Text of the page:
DP: You have enjoyed a continued collaborative relationship with Chloé since 2018, most recently for a capsule collection centered around the Chinese Year of the Pig. Are you always given free rein when it comes to commissioned work?
RM: The prints I worked on for this collection are filled with lots of esoteric and spiritual symbols and botanical imagery, similar to my previous work for them. However, the prints are much more graphic and bold than the work I typically make. The team at Chloé usually gives me a fairly broad brief and then I usually come back to them with a sketch that we fine tune. Natacha (Ramsay-Levi) and the team have been very open and receptive to my ideas, so it’s been quite easy to reach a final product that everyone is happy with.
Villes flottantes et chaos urbain : Swoon, la célèbre street artiste enfin exposée à Paris : https://www.telerama.fr/sortir/villes-flottantes-et-chaos-urbain-swoon,-la-celebre-street-artiste-enfin-exposee-a-paris,n6310855.php?fbclid=IwAR1PxctX04u3m7DXXcCahuIDpQV-QlWG_5jkiwVJ6K7WbdV1HmRql0wJP6Y
Toujours engagée, l’américaine, élabore des œuvres à partir de matériaux fragiles, soudées entre elles par les rencontres. Un art de la résilience au service d’une intelligence collective, qui s’expose actuellement à Paris.
Elle a ce côté un peu stellaire. Swoon entretient une filiation quasi spirituelle avec les forces de la nature, et l’eau en particulier. Celle qui a grandi en Floride, entre marécages et mangroves, vécu un temps sur des radeaux de fortune et accosté au Brooklyn Museum en 2014 avec son exposition Submerged Motherlands, était peut-être prédestinée à investir le nouveau centre d’art flottant qui vient d’ouvrir à Paris. Dans la cale de Fluctuart, on longe les murs de son installation comme les berges d’un fleuve, afin de mieux comprendre les racines de cette plasticienne philanthrope, seule femme à figurer au palmarès des dix plus grands street artistes mondiaux.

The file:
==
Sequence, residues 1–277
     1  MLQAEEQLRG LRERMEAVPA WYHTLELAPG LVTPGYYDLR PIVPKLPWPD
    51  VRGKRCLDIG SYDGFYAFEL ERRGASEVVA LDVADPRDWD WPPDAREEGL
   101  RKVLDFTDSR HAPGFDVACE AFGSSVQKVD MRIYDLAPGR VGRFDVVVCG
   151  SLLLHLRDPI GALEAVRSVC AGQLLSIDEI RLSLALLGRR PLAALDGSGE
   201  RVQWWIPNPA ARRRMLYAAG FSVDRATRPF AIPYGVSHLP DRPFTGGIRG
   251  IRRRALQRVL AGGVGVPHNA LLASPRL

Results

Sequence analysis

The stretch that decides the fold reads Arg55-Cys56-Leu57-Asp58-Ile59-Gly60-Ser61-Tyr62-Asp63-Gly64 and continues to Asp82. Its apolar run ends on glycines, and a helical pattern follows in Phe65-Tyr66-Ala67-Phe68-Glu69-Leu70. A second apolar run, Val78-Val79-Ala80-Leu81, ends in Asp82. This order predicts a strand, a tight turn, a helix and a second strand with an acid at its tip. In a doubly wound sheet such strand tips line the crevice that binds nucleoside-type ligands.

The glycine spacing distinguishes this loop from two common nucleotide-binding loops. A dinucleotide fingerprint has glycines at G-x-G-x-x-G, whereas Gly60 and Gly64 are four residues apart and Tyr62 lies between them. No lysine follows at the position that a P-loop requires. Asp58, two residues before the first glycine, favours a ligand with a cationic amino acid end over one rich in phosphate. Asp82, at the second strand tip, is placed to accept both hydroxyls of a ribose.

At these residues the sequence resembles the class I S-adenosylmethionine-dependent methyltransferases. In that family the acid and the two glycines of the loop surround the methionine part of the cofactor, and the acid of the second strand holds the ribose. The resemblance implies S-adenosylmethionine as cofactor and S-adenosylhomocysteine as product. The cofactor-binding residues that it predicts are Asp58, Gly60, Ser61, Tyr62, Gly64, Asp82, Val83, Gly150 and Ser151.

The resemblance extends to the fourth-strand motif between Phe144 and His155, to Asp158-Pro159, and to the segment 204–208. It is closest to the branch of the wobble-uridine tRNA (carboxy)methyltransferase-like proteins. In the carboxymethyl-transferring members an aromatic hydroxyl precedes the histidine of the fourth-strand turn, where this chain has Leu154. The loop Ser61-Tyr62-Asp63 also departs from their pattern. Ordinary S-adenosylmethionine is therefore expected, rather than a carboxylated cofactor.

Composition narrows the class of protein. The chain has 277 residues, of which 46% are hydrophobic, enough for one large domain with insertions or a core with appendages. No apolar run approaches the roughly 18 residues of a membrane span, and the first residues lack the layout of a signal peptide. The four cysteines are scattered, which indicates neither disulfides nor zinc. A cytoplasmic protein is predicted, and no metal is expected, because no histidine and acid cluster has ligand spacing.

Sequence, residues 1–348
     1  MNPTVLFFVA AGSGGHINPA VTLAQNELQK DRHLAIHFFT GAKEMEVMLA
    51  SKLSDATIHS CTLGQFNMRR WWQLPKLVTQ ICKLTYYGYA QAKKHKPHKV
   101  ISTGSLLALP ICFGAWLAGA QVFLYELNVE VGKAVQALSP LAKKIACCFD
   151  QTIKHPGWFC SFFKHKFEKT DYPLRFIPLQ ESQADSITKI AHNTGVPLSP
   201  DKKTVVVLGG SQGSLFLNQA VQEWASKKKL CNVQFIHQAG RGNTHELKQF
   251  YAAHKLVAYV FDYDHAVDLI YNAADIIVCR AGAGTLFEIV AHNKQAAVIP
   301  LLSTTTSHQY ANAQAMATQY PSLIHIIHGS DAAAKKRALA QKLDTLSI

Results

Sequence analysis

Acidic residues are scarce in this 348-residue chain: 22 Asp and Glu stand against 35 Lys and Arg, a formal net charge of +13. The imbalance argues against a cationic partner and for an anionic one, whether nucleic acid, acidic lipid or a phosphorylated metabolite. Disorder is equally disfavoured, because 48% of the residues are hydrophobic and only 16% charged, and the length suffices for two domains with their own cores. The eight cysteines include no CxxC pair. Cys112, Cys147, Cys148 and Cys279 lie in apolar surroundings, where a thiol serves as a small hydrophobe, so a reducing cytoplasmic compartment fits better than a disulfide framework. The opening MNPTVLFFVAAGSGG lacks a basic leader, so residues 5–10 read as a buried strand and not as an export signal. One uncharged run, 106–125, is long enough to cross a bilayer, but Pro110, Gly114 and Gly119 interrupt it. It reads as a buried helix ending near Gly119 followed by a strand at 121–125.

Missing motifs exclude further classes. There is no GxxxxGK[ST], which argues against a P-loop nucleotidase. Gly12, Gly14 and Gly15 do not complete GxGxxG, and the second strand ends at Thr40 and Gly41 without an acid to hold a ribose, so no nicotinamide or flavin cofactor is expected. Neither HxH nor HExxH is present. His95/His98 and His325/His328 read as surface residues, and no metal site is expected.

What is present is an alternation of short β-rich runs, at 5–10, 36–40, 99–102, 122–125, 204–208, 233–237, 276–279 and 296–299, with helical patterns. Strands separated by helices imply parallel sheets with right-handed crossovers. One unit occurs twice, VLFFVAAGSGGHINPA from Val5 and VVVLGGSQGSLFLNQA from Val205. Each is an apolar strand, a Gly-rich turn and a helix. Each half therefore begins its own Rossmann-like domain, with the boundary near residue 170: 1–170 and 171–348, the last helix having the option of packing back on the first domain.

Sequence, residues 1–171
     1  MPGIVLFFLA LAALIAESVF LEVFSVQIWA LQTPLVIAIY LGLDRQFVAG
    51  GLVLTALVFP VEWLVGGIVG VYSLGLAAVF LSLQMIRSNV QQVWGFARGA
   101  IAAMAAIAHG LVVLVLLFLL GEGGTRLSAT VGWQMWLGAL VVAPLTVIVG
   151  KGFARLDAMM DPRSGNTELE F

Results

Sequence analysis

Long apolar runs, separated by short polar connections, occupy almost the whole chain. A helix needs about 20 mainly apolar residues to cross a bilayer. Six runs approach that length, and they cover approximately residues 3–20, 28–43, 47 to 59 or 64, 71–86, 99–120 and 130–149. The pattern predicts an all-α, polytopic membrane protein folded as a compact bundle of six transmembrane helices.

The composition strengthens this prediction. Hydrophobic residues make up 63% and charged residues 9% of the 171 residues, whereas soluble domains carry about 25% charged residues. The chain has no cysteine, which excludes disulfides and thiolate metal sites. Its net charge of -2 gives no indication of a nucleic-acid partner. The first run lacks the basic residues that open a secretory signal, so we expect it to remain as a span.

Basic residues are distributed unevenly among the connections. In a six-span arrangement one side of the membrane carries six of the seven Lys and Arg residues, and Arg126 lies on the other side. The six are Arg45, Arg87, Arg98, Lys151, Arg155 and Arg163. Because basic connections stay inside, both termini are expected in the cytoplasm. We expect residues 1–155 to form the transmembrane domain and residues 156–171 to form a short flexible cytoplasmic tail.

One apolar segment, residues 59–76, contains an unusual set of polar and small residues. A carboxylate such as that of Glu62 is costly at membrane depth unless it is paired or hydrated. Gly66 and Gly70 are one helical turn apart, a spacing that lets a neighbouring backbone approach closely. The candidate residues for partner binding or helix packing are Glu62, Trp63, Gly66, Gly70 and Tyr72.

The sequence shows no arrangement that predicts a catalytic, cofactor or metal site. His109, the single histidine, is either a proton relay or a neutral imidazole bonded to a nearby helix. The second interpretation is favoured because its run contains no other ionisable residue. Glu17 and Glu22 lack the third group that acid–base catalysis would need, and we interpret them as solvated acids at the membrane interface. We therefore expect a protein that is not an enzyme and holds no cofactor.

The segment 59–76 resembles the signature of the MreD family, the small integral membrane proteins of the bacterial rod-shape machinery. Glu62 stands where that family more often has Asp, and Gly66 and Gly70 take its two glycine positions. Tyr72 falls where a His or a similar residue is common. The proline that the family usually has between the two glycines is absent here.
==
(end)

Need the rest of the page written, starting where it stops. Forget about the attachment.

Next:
Imaginée à partir des vestiges de sa précédente rétrospective au Musée de Cincinnati en 2017, Time Capsuleest donc, comme l’indique le titre, une machine à remonter le temps. Un palimpseste de dessins en linogravures, portes vétustes et linteaux de bois qui retrace les quinze premières années de sa carrière, indissociables des rencontres qui l’ont jalonnées. Parmi les silhouettes, se distinguent des visages familiers, figures paternelles, amis de longue date, et d’autres, plus anonymes, croqués sur les bords des routes de Cuba au Mexique en passant par l’Europe. Intriguée par la manière dont les différentes communautés construisent leur foyer, elle compare les métropoles à des « organismes vivants. » Et dans ses visions de papiers, découpées à la main, ajourées comme la dentelle, l’ossature des villes tend à se confondre avec la charpente des hommes.
Son attrait pour l’écosystème urbain remonte à 1999, lorsqu’elle s’installe à New York pour étudier l’art à l’Institut Pratt. « J’étais fascinée par mon nouvel environnement, la ville, confie la quadragénaire. Dès mes premières interventions dans la rue, je me demandais comment mes dessins pouvaient interagir avec l’architecture, et plus j’y songeais, plus la notion d’espace prenait de l’importance. »
Pour rejouer ce contexte, chacune de ses excursions en galerie et musée se traduit par des œuvres en trois dimensions de façon à ce que « le corps puisse se mouvoir comme l’œil se balade à l’intérieur d’une toile. » Ces constructions conçues à partir de matériaux de récupération, fragiles et périssables, font à écho à sa philosophie de vie alternative.